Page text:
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Additives and Fluids
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Aditives and Fluids Designed For Performance

  • Excellent high-temperature and high-speed performance
  • Viscosity Stable
  • Reduced friction means less heat

 

 

Most lubricant manufacturers make a small number of automotive products, maybe three motor oils, two gear oils, a grease, and an ATF. All applications have to fit one of these universal products. Unfortunately, the automotive world is not quite so simple. And even if one of these compromise products works, perhaps a product formulated with the intended application in mind might provide a few percent better power, efficiency, or lap times.

Red Line Synthetic Oil Corporation has the most complete line of automotive lubricants available. Red Line realizes that reducing friction is necessary in a rear differential, but that friction is actually necessary in a transmission so that synchronization may occur. No lubricant can do a perfect job for both. The same is true for engines. Reducing friction is a goal of engine lubricants, but the detergents used in most motor oils compete with the friction reducers for the metal surface. So if you want the lowest friction, use an oil formulated for the lowest friction. Red Line manufactures Racing Oils which contain few detergents, so no compromise has to be made.

First we will discuss motor oils. Most motor oils are designed to lubricate three test engines - a Ford 4-cylinder, an Oldsmobile V-6, and single cylinder Caterpillar diesel. Oil formulations are optimized to adequately lubricate these engines, but not so well that a lot of money is left on the table - the motor oil shelves are very cost competitive. These oils will adequately lubricate most automotive engines, even many high-performance engines, because the manufacturers know that the highway patrol will catch you before high-speed operation can cause significant damage.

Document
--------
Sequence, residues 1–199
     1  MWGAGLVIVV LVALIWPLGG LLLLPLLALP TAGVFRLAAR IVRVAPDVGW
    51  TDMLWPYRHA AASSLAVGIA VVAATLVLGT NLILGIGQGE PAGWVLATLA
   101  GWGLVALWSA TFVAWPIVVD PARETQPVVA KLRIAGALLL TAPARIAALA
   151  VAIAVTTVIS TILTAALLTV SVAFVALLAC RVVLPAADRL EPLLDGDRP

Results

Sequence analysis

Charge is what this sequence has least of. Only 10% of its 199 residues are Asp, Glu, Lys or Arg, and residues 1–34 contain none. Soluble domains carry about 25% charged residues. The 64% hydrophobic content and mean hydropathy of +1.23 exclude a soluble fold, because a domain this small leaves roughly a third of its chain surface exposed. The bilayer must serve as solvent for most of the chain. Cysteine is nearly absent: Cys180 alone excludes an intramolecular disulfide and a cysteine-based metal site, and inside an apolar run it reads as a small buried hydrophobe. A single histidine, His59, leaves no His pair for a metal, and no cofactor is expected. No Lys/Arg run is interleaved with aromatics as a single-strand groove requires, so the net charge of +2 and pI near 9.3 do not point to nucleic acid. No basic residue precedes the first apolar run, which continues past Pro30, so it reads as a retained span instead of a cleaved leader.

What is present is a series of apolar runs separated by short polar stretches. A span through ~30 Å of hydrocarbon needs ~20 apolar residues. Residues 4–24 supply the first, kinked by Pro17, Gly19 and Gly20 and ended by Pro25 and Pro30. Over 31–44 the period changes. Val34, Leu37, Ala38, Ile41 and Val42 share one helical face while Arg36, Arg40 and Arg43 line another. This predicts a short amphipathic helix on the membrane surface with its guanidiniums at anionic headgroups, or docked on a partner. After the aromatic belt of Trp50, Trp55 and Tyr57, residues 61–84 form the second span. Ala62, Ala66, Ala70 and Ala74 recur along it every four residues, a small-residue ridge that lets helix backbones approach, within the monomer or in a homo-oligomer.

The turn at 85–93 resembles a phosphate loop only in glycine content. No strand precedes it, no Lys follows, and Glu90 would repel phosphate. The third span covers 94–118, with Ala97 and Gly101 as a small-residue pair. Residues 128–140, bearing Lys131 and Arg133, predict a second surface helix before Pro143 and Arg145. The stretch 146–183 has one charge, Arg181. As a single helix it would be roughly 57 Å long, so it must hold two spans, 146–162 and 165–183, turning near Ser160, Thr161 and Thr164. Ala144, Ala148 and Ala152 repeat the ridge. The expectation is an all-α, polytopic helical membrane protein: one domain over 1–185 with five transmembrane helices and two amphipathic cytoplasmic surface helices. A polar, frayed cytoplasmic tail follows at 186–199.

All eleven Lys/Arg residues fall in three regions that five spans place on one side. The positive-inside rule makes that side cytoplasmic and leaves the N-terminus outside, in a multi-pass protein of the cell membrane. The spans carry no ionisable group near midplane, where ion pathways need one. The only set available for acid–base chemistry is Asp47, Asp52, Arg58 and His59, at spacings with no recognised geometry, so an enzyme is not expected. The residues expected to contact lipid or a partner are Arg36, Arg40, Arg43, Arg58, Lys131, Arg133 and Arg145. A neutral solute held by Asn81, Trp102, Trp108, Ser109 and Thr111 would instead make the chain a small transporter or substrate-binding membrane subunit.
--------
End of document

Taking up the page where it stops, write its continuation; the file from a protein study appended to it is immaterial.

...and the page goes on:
Now take these products to the track and all bets are off! Try an endurance race with the 5W30 oil that the manufacturer recommends. Well, maybe before you try it you ought to take a survey of engineers who work for the auto manufacturers to find out if any of them would even use these "Fuel Economy" oils for their own passenger car during the summer.

Red Line lubricants work under the demanding conditions of high-performance driving. Red Line has been manufacturing high-performance synthetic lubricants for over twenty one years. During the earlier years many would say, "Well, if synthetics are so good, why doesn't the Brand X Oil car use one. Well, now we find that the Brand X team was using synthetics for years (maybe even Red Line) and that many of the major oil marketers now sell synthetic lubricants in an attempt to keep up with technology. Synthetics as a class of lubricants have some significant advantages over even the best petroleum lubricants.

The first advantage is being able to manufacture multigrades that will provide excellent high-temperature and  high-speed performance. In order to manufacture a multigrade petroleum, say a 10W30, a 10W oil is thickened with a polymeric plastic substance much like STP. This enables the oil to flow like a 10W oil when cold, but appear to be an SAE 30 when measured at the high temperature (100 degrees C). The problem is that the high temperature testing is done in a tube at the equivalent shear of a very low RPM. At high RPMs a 10W30 multigrade petroleum will appear to have a viscosity between a 10 and a 30 and at very high RPMs the viscosity will be a 10. A synthetic generally does not thicken as much at cold temperatures or thin as much at high temperatures as a petroleum oil, so large quantities of unstable thickeners are not required. The advantage is that at high RPMs and high temperatures a synthetic 10W30 can actually provide thicker oil films than a straight SAE 30. However caution must be advised when thinking about synthetic 5W40 and 5W50s. Here significant amounts of the thickeners used to make petroleum multigrades must be used so that the high-shear viscosity will provide the equivalent to a petroleum SAE 40. This chart shows how the viscosity of a lubricant varies in the different shear zones of an engine.